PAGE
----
4. "Q Anon" - a source on Reddit has been making accurate predictions and hints about major developments including Pope's comments on Lord's Prayer and number of other high profile issues, including terrorist incidents.

    5. Growing evidence that Comey has been involved in obstruction of justice on a grand scale. (Newt Gingrich has been on national TV and said this, by the way. Not my interpretation.)

    6. A web of corruption around the Clintons and Podestas.

    It is all v. fascinating and backed up by real evidence.

    Are the BBC at all interested? Er - no. What does that tell you about the continued Fake News operation at the BBC? They really are not a serious news organisation. They a serious political propaganda machine, that is all.

  20. The BBC News website is proving true to form this morning. When I looked earlier there were New Year messages from Theresa May and Jeremy Corbyn side by side given equal prominence. An hour later, the Prime Minister's message has disappeared leaving Jeremy's piece in place with its photo showing clearly the Labour 2017 election slogan. I guess that will stay there for most of the day now.

    1. Theresa May's message is back again now - noticeably given less prominence to that of Corbyn.

      Her message 'Britons will feel pride in 2018, says Theresa May' must be less important to the BBC than 'Labour 'staking out centre ground', says Jeremy Corbyn'

    2. Yes, Sky News in contrast has one headline story covering them all ('Leaders pitch to voters in New Year messages') while ITV News has equally-sized pieces with equally-sized photos placed next to each other from TM and JC. As you say, Jeremy Corbyn still had a main article with photo on the BBC News website with Mrs May still relegated to a small side-story.

    3. Yes, this is a subtle form of bias because if ever they were questioned, the Beeboids would say that of course both Leaders' messages were given equal prominence. The question is though: how long did this equal prominence last? Answer - Not for long!

    4. It's all changed again. Theresa May's message has disappeared altogether again - JC is still there as large as life.

    5. Now May is being given more prominence than JC...think they're messing with our minds...and reading this blog! lol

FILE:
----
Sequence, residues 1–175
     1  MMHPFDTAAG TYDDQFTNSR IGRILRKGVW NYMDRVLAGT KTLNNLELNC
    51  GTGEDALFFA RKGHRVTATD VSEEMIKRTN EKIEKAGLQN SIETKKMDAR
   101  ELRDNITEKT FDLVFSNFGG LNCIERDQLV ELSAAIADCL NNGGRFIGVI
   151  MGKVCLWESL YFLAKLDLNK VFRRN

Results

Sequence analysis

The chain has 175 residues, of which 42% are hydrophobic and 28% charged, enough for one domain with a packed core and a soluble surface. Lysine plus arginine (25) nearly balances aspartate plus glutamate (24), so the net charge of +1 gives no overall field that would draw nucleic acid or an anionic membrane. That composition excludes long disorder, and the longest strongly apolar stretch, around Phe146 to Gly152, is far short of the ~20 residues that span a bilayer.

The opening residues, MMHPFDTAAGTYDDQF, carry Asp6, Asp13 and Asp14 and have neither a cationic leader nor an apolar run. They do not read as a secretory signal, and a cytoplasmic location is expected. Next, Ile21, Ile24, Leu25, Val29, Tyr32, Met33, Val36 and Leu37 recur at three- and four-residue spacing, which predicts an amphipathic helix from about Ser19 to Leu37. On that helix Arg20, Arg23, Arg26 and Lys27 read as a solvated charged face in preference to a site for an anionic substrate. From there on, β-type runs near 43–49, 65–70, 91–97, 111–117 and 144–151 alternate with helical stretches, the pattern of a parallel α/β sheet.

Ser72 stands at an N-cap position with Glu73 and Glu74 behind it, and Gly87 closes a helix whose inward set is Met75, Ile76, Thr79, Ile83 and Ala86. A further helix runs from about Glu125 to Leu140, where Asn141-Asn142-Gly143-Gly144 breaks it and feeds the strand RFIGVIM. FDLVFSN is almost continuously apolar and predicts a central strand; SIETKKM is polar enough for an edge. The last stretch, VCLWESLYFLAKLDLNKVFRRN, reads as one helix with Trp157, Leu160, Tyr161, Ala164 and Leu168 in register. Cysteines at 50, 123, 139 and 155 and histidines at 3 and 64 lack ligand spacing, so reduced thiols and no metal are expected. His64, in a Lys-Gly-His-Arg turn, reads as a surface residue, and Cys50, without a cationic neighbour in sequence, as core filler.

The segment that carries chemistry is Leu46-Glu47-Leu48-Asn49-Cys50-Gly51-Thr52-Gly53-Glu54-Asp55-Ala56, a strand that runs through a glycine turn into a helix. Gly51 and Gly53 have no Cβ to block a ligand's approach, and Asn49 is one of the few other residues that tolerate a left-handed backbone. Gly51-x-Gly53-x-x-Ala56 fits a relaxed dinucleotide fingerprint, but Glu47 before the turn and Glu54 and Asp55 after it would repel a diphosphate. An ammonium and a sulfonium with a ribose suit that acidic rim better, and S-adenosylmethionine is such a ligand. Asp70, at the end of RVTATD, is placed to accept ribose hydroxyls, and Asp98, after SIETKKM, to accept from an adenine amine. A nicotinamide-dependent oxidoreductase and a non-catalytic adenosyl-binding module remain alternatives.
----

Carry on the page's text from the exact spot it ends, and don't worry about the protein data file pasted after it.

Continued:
6. They've both disappeared altogether now. As it is the week-end and New Year's Eve, a quiet time in the BBC newsroom - with all senior folk away at their Cornish bolt-holes, perhaps there is a back-room battle going on between junior editors each keen to make their mark and endear themselves to their absent masters.

    7. Oh, they must be messing with our minds. They're both in the less important side-section now, and JC is now back above TM!

    8. And finally - in the less important side-section the last message standing is that of JC - blatant bias.

  21. May back on top!...perhaps they've got sophisticated software that jiggles them around.

  22. Happy New Year to Craig, Sue and all of you. :)

  23. I just saw the Trump New Year message online...thought I would see how the BBC were treating it...nowhere to be seen! lol Surely they have got to be interested in it because they obsess about Trump all the time. I really don't think the BBC can be defined as a "news" organisation. They are an "Organised Information Distortion Service". Maybe when they've decided how they are going to treat the Trump message (mock? misdirect? ignore?) they will decide to what extent they will report it and how.

    1. It's 17 mins after midnight - just searched on Trump New Year Message. No results! lol Maybe they have a kind of standing committee of Trump Interpretation and they have to go through that before they report it.

  24. Just an observation. The BBC is a multi-billion pound organisation, employs well over 1000 of its own journalists and is hugely obsessed with all news relating to Trump...